A unique sort of magnetic resonance Imaging (MRI) scan called a multi-parametric MRI (mpMRI) scan, which helps doctors identify if there is any cancer inside the prostate and how quickly the cancer is expected to grow, is one of the key tools for diagnosing prostate cancer. However, the scan takes 40 minutes and costs between £350 and £450.

The current study looked at the use of a different type of imaging termed multiparametric ultrasound (mpUSS), which examines the prostate using soundwaves. To create images of the prostate, a device called a transducer is used in the test. It is inserted into the rectum and emits sound waves that reverberate off organs and other structures. These are then made into pictures of the organs.

The doctor performing the test additionally employs extra-special sorts of ultrasound imaging that assess the stiffness of the tissue as well as the amount of blood flow it has. These techniques are known as elastography, doppler, and contrast-enhancement with microbubbles. Cancers appear more plainly as they get more thick and have a higher blood supply. Although mpUSS is more commonly available than mpMRI, no large-scale research have been conducted to evaluate its usefulness as a test for detecting prostate cancer cases.

The team recruited 370 men at risk of prostate cancer for the new trial, named cancer diagnosis by multiparametric ultrasonography of the prostate (CADMUS). They were discovered after early testing such as a prostate-specific antigen (PSA) test, a blood test used to diagnose prostate cancer, and/or an abnormal digital rectal examination, which examines a person’s lower rectum, pelvic, and lower abdomen.

Between March 2016 and November 2019, the study was conducted at seven hospitals in the United Kingdom, including the principal site Charing Cross Hospital, which is part of the Imperial College Healthcare NHS Trust.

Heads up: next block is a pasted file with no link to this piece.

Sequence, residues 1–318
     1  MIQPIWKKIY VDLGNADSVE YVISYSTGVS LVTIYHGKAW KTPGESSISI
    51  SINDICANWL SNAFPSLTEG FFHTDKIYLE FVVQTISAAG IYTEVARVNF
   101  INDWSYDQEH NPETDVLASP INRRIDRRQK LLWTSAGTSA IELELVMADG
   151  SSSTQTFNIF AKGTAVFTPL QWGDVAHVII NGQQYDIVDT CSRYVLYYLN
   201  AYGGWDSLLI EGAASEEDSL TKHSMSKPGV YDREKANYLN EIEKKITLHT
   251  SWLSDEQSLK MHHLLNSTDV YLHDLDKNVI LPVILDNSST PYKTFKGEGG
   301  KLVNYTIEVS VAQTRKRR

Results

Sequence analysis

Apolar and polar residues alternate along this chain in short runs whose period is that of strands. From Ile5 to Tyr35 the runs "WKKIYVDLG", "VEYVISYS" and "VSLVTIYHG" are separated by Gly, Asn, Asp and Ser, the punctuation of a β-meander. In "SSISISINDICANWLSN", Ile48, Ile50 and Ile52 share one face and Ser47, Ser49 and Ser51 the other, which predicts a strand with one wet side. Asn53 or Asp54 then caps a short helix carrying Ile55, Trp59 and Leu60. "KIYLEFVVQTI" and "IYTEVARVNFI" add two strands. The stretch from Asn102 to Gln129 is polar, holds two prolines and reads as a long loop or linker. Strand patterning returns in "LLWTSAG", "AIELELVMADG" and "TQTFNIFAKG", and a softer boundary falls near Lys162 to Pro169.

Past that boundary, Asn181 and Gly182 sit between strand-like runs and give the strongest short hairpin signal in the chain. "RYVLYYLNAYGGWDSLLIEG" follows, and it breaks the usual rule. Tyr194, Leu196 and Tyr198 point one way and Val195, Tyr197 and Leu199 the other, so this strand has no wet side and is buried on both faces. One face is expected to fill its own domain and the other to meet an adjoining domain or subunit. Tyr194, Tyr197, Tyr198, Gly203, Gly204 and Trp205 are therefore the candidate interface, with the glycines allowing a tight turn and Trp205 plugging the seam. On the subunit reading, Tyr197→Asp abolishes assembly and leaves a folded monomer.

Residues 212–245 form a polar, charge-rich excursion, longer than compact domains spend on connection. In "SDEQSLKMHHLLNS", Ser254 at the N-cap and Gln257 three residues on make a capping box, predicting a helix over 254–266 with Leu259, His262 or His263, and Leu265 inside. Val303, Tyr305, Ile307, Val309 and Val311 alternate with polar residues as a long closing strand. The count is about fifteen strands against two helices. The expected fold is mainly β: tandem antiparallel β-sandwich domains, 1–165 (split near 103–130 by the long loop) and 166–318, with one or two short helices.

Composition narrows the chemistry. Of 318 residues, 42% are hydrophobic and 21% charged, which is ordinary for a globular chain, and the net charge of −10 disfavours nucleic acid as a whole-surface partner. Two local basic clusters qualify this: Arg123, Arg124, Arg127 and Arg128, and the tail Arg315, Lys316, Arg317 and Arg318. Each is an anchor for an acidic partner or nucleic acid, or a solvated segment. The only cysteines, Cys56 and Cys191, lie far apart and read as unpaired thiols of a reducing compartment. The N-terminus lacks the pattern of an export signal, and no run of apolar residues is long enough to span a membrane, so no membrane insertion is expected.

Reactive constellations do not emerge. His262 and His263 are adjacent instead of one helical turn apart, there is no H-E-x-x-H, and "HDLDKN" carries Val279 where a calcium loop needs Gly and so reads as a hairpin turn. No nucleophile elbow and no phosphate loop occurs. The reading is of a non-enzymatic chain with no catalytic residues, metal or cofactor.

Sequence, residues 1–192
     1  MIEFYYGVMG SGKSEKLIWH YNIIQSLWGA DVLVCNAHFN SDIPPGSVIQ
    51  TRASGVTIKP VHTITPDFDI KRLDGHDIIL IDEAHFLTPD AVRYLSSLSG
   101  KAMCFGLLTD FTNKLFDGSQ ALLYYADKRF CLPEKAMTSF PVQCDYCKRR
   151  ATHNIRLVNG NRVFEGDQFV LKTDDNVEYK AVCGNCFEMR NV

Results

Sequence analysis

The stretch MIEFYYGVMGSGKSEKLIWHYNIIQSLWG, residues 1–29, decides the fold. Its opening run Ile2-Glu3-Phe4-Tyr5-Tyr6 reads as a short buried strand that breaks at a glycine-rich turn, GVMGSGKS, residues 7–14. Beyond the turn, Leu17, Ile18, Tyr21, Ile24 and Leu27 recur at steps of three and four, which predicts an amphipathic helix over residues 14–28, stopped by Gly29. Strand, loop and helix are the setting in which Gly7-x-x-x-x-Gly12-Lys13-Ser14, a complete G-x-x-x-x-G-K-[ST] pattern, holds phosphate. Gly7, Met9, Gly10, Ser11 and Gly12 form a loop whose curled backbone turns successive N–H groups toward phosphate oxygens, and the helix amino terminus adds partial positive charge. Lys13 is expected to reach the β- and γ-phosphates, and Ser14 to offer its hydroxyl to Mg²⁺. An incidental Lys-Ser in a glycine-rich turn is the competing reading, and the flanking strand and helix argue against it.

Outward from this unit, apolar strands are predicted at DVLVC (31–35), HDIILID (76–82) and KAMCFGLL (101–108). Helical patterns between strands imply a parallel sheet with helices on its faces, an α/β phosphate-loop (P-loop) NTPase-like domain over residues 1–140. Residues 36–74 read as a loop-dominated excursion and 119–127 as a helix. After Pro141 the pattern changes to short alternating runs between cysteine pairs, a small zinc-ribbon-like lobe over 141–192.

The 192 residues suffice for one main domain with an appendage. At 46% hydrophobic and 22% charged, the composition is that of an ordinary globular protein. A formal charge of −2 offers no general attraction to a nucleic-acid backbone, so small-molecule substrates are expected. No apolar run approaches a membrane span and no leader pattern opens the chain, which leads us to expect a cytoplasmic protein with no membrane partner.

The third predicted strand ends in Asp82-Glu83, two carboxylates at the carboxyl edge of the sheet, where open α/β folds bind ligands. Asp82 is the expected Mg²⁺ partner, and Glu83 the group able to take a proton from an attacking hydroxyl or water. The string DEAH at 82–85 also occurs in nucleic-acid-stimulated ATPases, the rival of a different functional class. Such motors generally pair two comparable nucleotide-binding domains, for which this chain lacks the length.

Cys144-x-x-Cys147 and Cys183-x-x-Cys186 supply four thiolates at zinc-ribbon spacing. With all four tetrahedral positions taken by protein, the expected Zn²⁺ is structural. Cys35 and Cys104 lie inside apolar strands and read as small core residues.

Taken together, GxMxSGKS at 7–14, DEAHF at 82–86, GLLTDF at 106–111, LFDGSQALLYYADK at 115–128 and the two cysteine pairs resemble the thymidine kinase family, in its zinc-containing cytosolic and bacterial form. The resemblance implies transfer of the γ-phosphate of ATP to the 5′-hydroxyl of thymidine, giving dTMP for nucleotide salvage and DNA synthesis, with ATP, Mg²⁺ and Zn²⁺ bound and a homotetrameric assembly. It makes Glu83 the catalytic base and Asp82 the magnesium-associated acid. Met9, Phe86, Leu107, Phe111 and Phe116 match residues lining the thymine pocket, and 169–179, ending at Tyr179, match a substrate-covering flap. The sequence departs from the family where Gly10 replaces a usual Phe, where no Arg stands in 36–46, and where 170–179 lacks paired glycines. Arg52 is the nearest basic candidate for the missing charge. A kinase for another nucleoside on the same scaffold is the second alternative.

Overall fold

At different trips, the males had both mpUSS and mpMRI scans. This was followed by biopsies for 257 patients who had a positive mpUSS or mpMRI test result, which involved utilizing fine needles to extract small samples of tissue from the prostate to analyze under a microscope for malignancy. The findings of the tests were then compared by the team.

Malignancy was found in 133 men, with 83 of them having clinically serious cancer. Individually, mpUSS detected 66 cases of clinically serious cancer against 77 cases discovered by mpMRI.

Although mpUSS found 4.3% fewer clinically significant prostate tumors than mpMRI, the researchers estimated that this approach would result in 11.1% more individuals being biopsied. This was due to the mpUSS occasionally detecting abnormal spots even when there was no malignancy.

The researchers feel that the test can be utilized as an alternative to mpMRI as a first test for people at risk of prostate cancer, especially in cases when mpMRI is not possible. Because both imaging methods missed clinically significant malignancies found by the other, utilizing both would boost the diagnosis of clinically significant prostate cancers when compared to using either test alone.

“Our results provide an accurate test for prostate cancer in people who were previously without one using a scan that is affordable and straightforward to do,” stated first author Dr Alistair Grey (UCL Division of Surgery & Interventional Science).